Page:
Don’t mistake all this as Rance himself not having any character development, however; he’s far more than just a one-dimensional horny brute. The size of the main cast in Rance VI allows us plenty of opportunity to see many different sides of him, as well as them being interesting and well-developed characters in their own right for the most part; there are a few party members who are primarily there for mechanical reasons to pad out the party in the early game and postgame challenges, but even they are given plenty of personality despite not getting much screen time.
Of particular note is the developing relationship between Rance and Rizna. Following directly on from their first encounter in Rance 5D, Rance VI sees the pair of them striking up a friendship that is initially a bit uneasy, but which gradually blossoms into something approaching mutual trust. There are some truly touching scenes between the pair of them as Rizna struggles to accept her body, trained against her will to be highly sensitive to sexual stimulation as a sex slave, and Rance helps her to understand herself. Sure, he has somewhat selfish motivations — and outright lies to her to get her into bed in the early hours of the game — but it becomes clear she is more than just another girl to him.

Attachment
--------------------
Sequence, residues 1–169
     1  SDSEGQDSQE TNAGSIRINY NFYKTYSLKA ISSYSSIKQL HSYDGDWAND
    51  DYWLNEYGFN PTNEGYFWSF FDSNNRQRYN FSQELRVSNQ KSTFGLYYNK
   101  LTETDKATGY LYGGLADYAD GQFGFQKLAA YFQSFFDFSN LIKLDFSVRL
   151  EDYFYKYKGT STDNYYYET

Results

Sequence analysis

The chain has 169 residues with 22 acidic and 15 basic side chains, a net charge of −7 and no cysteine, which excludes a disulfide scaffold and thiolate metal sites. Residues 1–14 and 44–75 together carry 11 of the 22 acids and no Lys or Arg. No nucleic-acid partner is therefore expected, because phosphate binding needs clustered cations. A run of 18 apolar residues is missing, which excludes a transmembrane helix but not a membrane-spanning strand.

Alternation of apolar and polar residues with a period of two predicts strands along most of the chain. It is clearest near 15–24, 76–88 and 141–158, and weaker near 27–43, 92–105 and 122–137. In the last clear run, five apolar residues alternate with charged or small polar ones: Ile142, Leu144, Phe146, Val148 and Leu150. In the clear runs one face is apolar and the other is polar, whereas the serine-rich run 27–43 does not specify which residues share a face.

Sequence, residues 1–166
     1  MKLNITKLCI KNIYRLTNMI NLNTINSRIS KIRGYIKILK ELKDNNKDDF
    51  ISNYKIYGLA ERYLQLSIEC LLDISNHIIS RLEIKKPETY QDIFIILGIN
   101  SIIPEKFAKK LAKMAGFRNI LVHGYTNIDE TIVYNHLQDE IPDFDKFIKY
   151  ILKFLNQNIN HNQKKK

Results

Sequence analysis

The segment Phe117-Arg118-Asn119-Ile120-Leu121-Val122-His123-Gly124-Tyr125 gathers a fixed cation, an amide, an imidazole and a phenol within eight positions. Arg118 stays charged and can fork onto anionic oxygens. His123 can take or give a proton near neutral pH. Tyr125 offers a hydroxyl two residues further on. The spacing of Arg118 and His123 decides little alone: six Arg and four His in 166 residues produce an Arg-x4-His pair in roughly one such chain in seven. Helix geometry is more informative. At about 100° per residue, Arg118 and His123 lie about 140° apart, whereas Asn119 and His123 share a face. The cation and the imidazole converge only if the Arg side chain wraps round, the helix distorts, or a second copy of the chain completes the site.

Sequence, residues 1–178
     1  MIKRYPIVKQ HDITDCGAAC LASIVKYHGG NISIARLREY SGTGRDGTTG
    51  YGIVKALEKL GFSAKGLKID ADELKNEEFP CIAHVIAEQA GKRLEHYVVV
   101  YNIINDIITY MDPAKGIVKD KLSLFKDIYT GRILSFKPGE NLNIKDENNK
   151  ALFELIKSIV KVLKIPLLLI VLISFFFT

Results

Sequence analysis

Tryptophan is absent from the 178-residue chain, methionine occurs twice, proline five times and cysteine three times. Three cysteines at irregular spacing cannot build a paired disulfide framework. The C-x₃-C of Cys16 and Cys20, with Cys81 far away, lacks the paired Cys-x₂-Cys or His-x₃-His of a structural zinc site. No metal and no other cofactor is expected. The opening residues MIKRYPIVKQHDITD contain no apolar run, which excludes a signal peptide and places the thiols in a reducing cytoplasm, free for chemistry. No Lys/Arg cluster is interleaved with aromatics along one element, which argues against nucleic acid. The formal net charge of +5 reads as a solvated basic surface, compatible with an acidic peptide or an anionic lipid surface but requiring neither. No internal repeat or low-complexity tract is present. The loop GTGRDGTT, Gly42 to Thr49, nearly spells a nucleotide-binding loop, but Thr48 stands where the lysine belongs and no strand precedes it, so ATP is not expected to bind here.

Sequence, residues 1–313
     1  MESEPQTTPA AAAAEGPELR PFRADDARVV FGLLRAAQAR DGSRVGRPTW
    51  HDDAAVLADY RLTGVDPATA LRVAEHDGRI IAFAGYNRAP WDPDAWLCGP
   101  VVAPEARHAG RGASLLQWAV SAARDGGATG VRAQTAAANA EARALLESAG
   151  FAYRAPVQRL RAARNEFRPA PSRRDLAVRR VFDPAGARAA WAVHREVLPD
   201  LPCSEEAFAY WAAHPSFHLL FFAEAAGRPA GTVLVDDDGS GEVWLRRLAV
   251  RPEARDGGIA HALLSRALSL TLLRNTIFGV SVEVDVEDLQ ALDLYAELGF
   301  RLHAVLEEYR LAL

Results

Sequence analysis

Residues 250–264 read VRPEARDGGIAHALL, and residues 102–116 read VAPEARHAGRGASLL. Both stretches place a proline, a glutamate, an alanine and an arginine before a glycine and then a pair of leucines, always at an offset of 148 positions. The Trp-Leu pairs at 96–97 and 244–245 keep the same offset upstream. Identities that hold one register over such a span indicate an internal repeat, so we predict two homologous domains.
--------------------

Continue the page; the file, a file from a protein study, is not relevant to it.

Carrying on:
Shizuka is an interesting example, too. Her ongoing backstory concerns her longstanding desire for revenge against the individual who killed her parents. This has been bubbling away in the background since the second Rance game, where Shizuka put in her first appearance, and finally comes to a head in Rance VI in one of the game’s most substantial sidequests. Even if you’ve only come to the Rance series for the first time with 5D and VI, this narrative thread finally reaching its conclusion is obviously a significant, powerful moment.
Rance VI also gives us a pleasing opportunity to see a more tender side of our brutish hero thanks to the character Caloria Cricket. Introduced as the last survivor of a tribe of “insect users”, Caloria is initially shy and reserved, but Rance’s honest caring for her and standing up for her when she is bullied causes her to develop into a delightfully pleasant young woman. When the pair of them inevitably end up in bed together, it’s one of the most notable examples of both parties clearly being there because they want to be there, and because they like each other on equal terms. From there, their friendship is delightfully honest, genuine and always heartwarming to see.